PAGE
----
In effect, most of the Greek electorate has become equivalent to unionized government employees - they benefit enough from government spending that they'll oppose any spending cuts until either Greece or all of Europe collapses, just as the unionized Eastern Airlines employees brought down their employer under the prophetic slogan of "Full pay 'till the last day."  Some of them never worked again.

Having a nation spend more than the economy can support can't go on forever.  The Chinese aren't lending to America as readily as before, investors are not as happy to buy Greek government debt, the British are having trouble financing their public spending, and so on.

For many years, the American ideal was that each person would take responsibility for looking out for his or her own needs, but times have changed.  As columnist Robert Samuelson put it, "We gradually moved from an era in which people did not want to use government for anything to today when people use government for almost everything." (Newsweek, Feb 1, 1993 p. 5.)  As people try to ask government for more and more of what they want, government costs go up and working becomes less worthwhile.

The main political question of our day is whether the working voters will be able to elect politicians who'll cut spending enough to keep their countries solvent, or whether the collecting voters will let the politicians keep spending too much until the entire economy collapses.  Confucius says there's no going back once spending reaches unsustainable levels.  Much as we abhor the notion, we tend to side with Confucius in our view of the future.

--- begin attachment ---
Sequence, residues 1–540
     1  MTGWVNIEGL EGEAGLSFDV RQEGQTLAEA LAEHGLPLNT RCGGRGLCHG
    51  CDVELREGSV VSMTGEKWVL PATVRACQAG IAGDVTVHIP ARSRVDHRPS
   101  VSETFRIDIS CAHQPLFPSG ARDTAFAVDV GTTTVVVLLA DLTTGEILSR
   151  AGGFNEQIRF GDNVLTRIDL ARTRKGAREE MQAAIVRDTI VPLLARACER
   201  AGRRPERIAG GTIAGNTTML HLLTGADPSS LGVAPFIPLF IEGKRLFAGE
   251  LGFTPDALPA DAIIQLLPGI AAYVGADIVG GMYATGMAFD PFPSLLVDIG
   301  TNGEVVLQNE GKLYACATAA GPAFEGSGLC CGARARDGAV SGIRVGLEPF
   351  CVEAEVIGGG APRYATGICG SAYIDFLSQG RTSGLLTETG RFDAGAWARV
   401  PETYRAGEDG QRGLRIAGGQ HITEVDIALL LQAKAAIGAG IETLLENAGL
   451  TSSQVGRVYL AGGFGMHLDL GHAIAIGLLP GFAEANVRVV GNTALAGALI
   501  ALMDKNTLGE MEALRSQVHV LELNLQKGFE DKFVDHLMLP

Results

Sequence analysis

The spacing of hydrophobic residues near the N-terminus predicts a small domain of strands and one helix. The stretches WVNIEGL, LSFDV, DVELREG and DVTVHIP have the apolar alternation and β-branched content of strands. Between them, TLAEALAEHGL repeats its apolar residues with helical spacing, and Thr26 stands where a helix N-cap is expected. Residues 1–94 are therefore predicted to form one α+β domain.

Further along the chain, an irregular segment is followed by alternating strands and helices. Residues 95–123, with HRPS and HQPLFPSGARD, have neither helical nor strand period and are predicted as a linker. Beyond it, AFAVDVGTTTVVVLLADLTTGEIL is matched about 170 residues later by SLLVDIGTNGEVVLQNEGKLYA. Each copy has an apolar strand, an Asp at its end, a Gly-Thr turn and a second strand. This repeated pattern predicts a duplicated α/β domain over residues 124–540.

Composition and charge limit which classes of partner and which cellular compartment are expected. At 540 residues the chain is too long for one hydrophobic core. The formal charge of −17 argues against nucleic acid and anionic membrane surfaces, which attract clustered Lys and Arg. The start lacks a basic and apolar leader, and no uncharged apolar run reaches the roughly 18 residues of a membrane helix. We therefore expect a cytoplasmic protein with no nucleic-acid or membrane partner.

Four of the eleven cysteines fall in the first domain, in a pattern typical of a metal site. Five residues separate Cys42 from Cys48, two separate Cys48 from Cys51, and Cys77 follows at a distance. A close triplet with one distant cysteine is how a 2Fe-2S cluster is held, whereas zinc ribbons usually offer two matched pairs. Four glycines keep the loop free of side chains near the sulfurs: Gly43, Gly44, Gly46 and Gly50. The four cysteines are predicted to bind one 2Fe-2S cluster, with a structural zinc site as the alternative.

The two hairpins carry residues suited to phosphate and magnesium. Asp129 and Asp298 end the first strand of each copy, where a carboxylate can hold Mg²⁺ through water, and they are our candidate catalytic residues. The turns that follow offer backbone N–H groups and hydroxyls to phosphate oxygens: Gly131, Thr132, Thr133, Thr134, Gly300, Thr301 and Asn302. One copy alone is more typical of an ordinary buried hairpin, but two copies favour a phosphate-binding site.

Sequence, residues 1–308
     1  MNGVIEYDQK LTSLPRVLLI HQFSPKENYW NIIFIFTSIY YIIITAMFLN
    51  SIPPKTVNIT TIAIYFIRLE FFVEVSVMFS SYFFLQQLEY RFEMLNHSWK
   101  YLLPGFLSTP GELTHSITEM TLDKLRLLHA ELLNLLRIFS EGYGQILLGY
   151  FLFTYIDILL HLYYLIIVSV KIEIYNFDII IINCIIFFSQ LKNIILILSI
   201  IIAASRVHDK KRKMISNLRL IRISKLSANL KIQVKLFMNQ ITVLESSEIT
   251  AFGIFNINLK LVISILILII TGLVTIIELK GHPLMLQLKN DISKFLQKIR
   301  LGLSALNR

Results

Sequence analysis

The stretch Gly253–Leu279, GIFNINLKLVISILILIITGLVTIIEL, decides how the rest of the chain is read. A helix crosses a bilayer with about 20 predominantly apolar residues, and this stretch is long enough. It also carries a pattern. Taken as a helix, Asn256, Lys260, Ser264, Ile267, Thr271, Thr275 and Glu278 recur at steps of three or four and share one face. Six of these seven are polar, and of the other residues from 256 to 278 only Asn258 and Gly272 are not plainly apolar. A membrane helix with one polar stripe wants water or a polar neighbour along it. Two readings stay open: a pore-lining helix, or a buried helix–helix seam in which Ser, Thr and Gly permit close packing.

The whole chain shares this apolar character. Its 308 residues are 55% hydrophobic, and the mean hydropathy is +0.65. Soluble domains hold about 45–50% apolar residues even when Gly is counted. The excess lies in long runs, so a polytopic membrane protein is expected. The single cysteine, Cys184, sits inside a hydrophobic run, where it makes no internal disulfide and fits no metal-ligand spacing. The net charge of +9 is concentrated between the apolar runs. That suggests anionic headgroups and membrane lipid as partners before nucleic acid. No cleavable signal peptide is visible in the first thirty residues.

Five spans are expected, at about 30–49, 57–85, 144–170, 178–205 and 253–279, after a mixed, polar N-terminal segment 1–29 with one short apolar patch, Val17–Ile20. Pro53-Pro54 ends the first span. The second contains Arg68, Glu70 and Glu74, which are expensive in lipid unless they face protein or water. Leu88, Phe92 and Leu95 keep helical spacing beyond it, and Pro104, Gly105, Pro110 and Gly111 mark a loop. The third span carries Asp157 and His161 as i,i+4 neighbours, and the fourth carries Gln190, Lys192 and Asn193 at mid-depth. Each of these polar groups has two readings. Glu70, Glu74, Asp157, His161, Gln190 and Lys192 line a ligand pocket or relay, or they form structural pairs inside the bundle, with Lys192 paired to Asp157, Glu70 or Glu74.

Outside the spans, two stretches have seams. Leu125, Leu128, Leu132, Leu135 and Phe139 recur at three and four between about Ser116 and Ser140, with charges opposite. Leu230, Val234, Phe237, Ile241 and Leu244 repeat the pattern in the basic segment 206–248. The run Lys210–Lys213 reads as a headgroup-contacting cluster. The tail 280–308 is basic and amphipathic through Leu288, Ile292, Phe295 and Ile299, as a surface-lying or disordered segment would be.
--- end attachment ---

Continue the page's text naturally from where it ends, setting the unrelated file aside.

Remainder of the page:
Will Offensicht is a staff writer for and an internationally published author by a different name.  Read other articles by Will Offensicht or other articles on Economics.
Reader Comments
If Greece or some other country collapses, what's the worst that will happen? The Chinese had to worry about the Monguls overrunning them. What does Greece have to worry about?
May 17, 2010 8:40 AM
The Turks?
May 17, 2010 8:59 AM
I think the point is that Greece is the canary in the coal mine. It may not be dead, yet, but it's past the point of resuscitation. It must die. Not because we want it to be that way, but because unlimited government spending is like a perpetual motion machine: impossible.

You cannot take out more than what is put in.

My fear is that we've already inhaled too much of the noxious gas and it's only a matter of time. Not an if, but when. There are still life saving measures possible, but I don't think there's a will.
May 17, 2010 10:03 AM
Greece has much more to worry about then being conquered by another nation. When the Mongols or Manchus conquered China it was a boon. It fixed the problems and, as the article pointed out, reset everything to zero governmentally speaking.

In this day when nation-states fail they are not conquered. Instead they languish. Somalia is what happens when strong neighboring nation-states are not able to replace ineffective government. While it may be unlikely that Greece will become like Somalia (that is only worst case) it is quite possible that they could slide into a decades long economic slump and depending on how the greek government and population react may not be able to recover anything resembling a strong western economy for a very long time.
May 20, 2010 12:24 PM